'Happy Talk': Theater Review

Monique Carboni
From left: Marin Ireland and Susan Sarandon in 'Happy Talk'
Great performances, uneven script.
6/16/2019

Susan Sarandon and Marin Ireland co-star in the new dark comedy by Jesse Eisenberg, receiving its world premiere from Off-Broadway's The New Group.

If Jesse Eisenberg were older and female, he'd be perfect casting for the lead role in his new play, his fourth to be produced in New York. The actor has long specialized in neurotic, self-absorbed intensity, traits that Lorraine, the housewife and amateur actress at the center of Happy Talk, has in spades. A world premiere staged by Off-Broadway's The New Group (where Eisenberg's The Spoils debuted in 2015), this dark comedy starring Susan Sarandon and Marin Ireland proves alternately amusing and discomfiting, which, come to think of it, could be said of many of Eisenberg's performances as well.

The title refers to a song from the musical South Pacific, in which Lorraine (Sarandon) is appearing as the character Bloody Mary in her local Jewish community center production. But it could also apply to everything that comes out of her mouth. Lorraine perpetually projects an air of chipper optimism, which is no mean feat considering that her sullen, barely communicative husband, Bill (Daniel Oreskes), is suffering from multiple sclerosis and her (unseen) elderly mother is spending her final days confined to her bedroom.

Lorraine does have some help with the latter in the form of Ljuba (Ireland), the heavily accented Serbian live-in aide who nearly outdoes her employer in positivity. The two women are extremely close, and Lorraine happily agrees to help Ljuba find someone to marry her so she can obtain a green card and bring her teenage daughter to America. Ljuba has $15,000 saved and hidden away in her mattress to pay her "husband," warning Lorraine that it's not easy to fool the immigration authorities.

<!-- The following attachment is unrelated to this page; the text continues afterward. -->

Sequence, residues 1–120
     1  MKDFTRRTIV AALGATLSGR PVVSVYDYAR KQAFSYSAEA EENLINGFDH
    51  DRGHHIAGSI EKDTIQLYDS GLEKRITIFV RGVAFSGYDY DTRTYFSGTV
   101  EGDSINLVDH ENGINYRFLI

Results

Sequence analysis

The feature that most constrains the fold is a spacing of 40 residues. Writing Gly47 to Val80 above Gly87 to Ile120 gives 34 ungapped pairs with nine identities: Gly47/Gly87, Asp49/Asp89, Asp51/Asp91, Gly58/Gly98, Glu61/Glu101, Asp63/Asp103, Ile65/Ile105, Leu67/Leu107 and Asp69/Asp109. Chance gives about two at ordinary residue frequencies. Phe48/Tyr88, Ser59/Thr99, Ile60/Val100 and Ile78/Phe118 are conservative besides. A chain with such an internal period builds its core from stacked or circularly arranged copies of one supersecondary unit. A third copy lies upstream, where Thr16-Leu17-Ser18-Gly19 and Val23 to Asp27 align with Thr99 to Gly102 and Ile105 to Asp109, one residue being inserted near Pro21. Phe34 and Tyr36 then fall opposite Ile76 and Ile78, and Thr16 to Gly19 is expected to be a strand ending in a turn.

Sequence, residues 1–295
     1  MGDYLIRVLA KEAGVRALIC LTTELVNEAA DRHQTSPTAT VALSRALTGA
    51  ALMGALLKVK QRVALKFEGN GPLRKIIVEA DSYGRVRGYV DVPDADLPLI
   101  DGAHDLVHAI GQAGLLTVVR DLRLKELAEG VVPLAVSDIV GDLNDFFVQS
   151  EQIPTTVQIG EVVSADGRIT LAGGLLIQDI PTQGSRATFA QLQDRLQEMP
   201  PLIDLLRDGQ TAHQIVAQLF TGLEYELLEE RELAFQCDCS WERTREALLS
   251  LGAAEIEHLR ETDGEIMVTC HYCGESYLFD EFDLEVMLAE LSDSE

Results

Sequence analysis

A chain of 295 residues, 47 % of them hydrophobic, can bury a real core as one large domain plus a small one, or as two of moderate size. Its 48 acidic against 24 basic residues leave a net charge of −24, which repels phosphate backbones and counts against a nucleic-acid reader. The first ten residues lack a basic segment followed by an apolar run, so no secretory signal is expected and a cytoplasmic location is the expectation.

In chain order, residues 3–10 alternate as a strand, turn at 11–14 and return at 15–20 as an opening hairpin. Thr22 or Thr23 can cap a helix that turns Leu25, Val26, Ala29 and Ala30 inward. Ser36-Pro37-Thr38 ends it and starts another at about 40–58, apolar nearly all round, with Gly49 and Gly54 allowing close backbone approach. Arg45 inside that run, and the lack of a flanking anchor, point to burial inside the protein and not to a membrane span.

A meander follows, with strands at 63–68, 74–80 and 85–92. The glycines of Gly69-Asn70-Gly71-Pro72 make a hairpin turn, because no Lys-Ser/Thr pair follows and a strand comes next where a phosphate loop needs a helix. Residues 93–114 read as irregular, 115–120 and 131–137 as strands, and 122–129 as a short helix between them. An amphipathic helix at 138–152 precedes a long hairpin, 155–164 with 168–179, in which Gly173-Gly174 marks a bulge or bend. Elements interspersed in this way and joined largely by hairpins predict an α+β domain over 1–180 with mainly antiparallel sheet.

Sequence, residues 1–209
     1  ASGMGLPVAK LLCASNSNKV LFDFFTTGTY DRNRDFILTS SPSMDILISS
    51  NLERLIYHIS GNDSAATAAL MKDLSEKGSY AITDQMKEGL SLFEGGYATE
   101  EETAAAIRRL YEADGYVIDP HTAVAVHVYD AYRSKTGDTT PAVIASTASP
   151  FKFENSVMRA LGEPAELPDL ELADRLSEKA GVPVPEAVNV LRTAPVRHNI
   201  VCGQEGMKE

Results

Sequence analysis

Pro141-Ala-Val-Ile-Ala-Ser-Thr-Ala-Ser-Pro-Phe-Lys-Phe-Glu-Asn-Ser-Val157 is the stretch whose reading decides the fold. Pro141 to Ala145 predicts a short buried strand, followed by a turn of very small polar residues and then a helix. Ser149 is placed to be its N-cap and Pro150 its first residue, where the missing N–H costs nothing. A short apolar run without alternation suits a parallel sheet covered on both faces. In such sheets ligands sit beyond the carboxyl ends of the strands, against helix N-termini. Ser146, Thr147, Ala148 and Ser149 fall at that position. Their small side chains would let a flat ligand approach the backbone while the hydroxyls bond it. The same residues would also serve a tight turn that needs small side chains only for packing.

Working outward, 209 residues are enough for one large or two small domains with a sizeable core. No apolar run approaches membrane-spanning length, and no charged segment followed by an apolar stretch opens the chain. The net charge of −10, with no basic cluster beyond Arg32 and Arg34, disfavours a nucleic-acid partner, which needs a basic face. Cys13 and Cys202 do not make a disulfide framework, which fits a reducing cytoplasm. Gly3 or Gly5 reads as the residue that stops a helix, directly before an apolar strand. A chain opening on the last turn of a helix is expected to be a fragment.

"Darling, I'm an artist," Lorraine assures her. "We live in the shadows, we bend the rules."   

In one of the play's funniest scenes, Lorraine brings home her gay co-star Ronny (Nico Santos, Crazy Rich Asians), who desperately needs the money and is willing to assume the role of Ljuba's husband. The two younger people hit it off, and the plan seems to be going swimmingly  at least until Lorraine gets wind of the fact that Ljuba intends to move with her daughter to Florida.

Happy Talk proves genuinely enjoyable in its first half, with Sarandon clearly having a blast as the self-centered diva who revels in her self-proclaimed theatrical success and generosity. Eisenberg's facility for crafting sharply amusing one-liners is on ample display in the sitcom-style interactions between the colorfully eccentric characters.

It's when the play turns darker that it becomes increasingly tiresome and unconvincing. A late-night visit from Lorraine's estranged daughter Jenny (Tedra Millan) turns horribly ugly, featuring emotions that feel unearned considering the preceding jocularity. The climactic scene is similarly problematic with its suggestion that Lorraine will resort to anything to maintain her status quo. What began as a lighthearted comedy becomes much more baroque, with Lorraine displaying a delusional quality that ironically brings to mind Bette Davis in What Ever Happened to Baby Jane?, as played by Sarandon in the miniseries Feud.

Though Scott Elliott's staging fails to provide stylistic cohesion to a play in need of further development, the evening nonetheless has its pleasures, thanks in large part to the terrific performances. Sarandon and Ireland work off each other beautifully. If the latter's accent occasionally seems over-the-top, that might be intentional; her Roseanne Roseannadanna-style inflections are the butt of several jokes. Santos is a hoot as the flamboyant Ronny, raising the comic temperature of every scene he's in. But Millan is unable to make the viciously angry daughter more than a caricature, and Oreskes too often comes across like he's in a Eugene O'Neill drama.

Happy Talk might have worked better if it had settled on being either a frivolous comedy or a psychological drama, thus saving its audiences from tonal whiplash.

Venue: Pershing Square Signature Center, New York
Cast: Marin Ireland, Tedra Millan, Daniel Oreskes, Nico Santos, Susan Sarandon
Playwright: Jesse Eisenberg
Director: Scott Elliott
Set designer: Derek McLane
Costume designer: Clint Ramos
Lighting designer: Jeff Croiter
Sound designers: Rob Milburn, Michael Bodeen
Presented by The New Group